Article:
Welcome to Lattice’s advice column for new managers, “Like a Boss.” I’m your host, Jennifer Romolini. I’m an editor, an author (of the career guide “Weird In a World That’s Not”), and, yes, a boss who’s been managing other humans for the past dozen or so years at companies both giant and tiny, at quick and dirty startups and multi-layered corporations, with remote and in-office teams ranging from five to 45. I’m also a speaker who talks about succeeding at work even when you feel like a freak. And, sometimes, I give advice, like right now.
My employee just threatened to leave her job if I couldn’t promote her and give her a raise, explaining that she has another offer that was more than what she was making here. She says she would love to stay, doesn’t even know if she wants the other job, but money is a big factor and she won’t stay if I don’t meet her salary demand.
I absolutely value her and her great work on my team and her leaving would be hard, so we’re going to give her what she’s asking for. But the whole experience has left me thinking less of her and shaken my trust in her. Also, I’ve heard many employees who do this leave within a year anyway. Did I do the right thing? And how can I recover from it and work well with her again?
Shaken in Austin
What you’re talking about is commonly known (by me, right now, making this up) as the raise-getting “leverage” technique — when an employee wants a raise at his/her/their current position, puts in the effort to seek out another position, is offered the other position (but doesn’t necessarily want it) and then uses this information to threaten their boss, basically saying: I have leverage and will leave if you don’t give me what I want.
There’s a solid argument to be made that the leverage technique is an empowering #bossbitch strategy, one that upends a rigged system/gets the employee what they want (and maybe needs), and that chess moves like this are the only way to survive the current corporate hellscape (why is our country so rich and our wages so low? WHY) and get yourself paid.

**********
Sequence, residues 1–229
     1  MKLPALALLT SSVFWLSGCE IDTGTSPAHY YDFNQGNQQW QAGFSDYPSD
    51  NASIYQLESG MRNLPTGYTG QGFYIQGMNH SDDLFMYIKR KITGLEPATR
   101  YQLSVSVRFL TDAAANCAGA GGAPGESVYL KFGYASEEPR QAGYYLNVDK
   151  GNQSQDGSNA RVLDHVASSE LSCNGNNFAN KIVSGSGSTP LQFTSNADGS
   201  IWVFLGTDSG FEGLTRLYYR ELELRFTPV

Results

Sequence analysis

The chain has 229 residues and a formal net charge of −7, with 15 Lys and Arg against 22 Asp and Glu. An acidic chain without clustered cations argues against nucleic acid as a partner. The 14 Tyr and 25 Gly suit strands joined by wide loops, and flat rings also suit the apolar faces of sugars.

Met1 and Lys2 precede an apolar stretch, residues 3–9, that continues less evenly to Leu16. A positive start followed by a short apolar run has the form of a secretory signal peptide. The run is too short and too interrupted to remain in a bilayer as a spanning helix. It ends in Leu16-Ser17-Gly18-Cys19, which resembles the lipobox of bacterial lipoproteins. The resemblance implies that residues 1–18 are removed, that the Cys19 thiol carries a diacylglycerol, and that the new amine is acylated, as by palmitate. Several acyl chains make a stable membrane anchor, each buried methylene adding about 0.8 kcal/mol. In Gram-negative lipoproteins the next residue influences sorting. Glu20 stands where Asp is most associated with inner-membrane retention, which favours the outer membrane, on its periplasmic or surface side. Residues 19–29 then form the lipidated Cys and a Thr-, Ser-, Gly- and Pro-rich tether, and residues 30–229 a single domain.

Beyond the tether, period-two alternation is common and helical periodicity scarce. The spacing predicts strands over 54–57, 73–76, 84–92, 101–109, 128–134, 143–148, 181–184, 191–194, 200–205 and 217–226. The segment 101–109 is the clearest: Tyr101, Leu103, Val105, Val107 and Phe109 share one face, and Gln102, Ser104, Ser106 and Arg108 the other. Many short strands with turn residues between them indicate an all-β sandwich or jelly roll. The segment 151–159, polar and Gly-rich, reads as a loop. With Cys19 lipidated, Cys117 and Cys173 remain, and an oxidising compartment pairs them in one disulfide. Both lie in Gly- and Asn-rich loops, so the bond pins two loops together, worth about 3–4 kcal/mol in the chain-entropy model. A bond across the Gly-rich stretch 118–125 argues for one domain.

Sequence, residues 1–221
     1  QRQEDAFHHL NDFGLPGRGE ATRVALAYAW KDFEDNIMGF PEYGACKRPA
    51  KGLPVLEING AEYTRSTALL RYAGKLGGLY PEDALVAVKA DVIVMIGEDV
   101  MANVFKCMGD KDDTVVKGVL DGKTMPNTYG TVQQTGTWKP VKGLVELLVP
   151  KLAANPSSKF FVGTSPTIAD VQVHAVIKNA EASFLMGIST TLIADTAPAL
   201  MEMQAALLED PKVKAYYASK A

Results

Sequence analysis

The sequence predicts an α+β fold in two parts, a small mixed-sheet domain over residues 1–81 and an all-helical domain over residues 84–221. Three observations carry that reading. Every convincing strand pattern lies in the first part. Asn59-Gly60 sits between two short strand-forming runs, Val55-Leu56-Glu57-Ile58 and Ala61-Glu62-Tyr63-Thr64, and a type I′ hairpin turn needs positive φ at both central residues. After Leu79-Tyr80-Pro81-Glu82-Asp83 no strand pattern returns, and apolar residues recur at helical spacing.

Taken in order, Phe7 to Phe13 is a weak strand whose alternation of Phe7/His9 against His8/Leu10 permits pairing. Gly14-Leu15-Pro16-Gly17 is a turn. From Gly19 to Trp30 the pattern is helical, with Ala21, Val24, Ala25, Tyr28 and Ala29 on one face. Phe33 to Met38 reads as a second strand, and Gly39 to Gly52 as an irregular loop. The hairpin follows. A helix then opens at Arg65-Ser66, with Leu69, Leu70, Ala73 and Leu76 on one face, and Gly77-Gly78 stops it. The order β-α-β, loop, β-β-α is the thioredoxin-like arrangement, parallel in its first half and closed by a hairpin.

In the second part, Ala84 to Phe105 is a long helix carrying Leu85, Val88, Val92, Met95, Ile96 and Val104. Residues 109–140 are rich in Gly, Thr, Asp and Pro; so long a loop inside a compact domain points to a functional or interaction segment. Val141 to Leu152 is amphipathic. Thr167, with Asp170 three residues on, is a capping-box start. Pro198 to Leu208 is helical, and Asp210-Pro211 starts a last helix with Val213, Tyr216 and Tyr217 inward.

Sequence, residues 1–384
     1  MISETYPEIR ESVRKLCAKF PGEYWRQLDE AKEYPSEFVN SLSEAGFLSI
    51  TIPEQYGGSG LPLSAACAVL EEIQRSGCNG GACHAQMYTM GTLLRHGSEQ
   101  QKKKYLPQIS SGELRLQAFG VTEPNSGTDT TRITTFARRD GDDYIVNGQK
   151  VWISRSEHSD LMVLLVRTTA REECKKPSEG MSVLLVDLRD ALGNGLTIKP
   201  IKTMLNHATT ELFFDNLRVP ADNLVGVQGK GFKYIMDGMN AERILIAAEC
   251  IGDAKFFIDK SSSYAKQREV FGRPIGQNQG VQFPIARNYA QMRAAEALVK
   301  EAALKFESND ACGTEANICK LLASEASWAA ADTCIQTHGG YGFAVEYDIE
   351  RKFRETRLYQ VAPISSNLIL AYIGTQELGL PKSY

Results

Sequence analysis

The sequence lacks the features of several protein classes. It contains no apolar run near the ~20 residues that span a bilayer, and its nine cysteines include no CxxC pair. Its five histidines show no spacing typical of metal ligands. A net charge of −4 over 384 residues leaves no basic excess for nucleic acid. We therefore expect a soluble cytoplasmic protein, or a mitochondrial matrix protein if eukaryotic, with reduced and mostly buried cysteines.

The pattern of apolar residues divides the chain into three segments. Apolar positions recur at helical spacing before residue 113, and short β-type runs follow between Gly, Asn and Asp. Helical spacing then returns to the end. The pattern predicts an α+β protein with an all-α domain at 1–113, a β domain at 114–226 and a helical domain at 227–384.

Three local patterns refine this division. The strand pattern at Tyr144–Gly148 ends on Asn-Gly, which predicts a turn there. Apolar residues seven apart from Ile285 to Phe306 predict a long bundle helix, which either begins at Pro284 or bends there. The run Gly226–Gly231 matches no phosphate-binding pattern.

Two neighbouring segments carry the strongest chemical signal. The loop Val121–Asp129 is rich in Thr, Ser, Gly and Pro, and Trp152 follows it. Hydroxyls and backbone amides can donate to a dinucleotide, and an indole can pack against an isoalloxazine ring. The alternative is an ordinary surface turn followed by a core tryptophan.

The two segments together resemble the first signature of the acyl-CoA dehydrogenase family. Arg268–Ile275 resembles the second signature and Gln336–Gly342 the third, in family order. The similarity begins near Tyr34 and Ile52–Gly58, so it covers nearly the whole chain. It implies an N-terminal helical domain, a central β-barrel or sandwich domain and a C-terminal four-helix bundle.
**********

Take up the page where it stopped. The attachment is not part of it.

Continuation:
Still, as a manager, I usually resent this approach, mainly because I pride myself on being a fair, transparent boss who gives out earned raises and promotions whenever I can and — though I recognize even as I am typing this that my reaction personalizes a professional situation and is, therefore, the result of a faulty ego (being human is so fun) — I’ve always seen this “eff you, pay me” maneuver as a breach of trust and a sign that maybe it’s time to cut ties.
But enough about me! For a number of reasons, this particular chess move worked. What’s done is done. Here you are. Don’t belabor whether or not you did the “right” thing or not; you did your best in the moment — that’s all you can do. Next time, you may react differently. (Management) life is a long river of mistakes and lucky guesses, triumphs and epic fails; let this one flow by.
Focus instead on the following: If you value this employee (and I’m assuming you do, or you would not have met her demand), it’s worth addressing the situation head-on. Keep in mind this conversation should not be punitive or accusatory — but calm and dispassionate. You’re collecting information to sort out how to best work with this employee, to diffuse existing tension, and to sort this perceived rift. Set a meeting to talk about what happened, to ask how she’s feeling about her job generally: Was it just about the money? Is she feeling unchallenged? How can you help her feel more engaged? Emphasize that you value her and her work, you want her to stay at the company, and that you’d like to clear the air and start fresh.
Optional step: After you’ve completed this conversation (or before, the order doesn’t matter, stop pressuring yourself), take time to examine your feelings about the issue and sort out why the employee’s threat was so triggering. Radical introspection will go a long way to self-understanding and self-understanding will help you make better decisions in the future and eradicate some of this spiraling and self-doubt. It sounds woo woo and cliché but: The best bosses are secure and self-aware; clichés exist because they’re often true.